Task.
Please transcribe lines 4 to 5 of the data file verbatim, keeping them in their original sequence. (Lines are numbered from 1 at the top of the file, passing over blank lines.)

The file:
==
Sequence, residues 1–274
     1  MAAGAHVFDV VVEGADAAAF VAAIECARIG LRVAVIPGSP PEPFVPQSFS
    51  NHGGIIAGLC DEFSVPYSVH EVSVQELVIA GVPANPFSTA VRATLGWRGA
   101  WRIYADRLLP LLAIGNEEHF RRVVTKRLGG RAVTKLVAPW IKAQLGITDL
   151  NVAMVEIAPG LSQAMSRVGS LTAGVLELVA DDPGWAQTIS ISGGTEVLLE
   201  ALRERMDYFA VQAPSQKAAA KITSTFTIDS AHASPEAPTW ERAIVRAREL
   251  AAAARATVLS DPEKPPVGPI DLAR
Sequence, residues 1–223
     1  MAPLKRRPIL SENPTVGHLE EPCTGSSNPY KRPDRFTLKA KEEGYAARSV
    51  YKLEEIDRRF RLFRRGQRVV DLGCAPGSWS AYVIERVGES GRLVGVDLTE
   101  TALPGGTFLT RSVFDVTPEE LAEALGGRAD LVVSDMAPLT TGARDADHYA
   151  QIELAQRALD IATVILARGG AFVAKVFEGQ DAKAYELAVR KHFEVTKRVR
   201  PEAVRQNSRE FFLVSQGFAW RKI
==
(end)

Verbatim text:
   101  WRIYADRLLP LLAIGNEEHF RRVVTKRLGG RAVTKLVAPW IKAQLGITDL
   151  NVAMVEIAPG LSQAMSRVGS LTAGVLELVA DDPGWAQTIS ISGGTEVLLE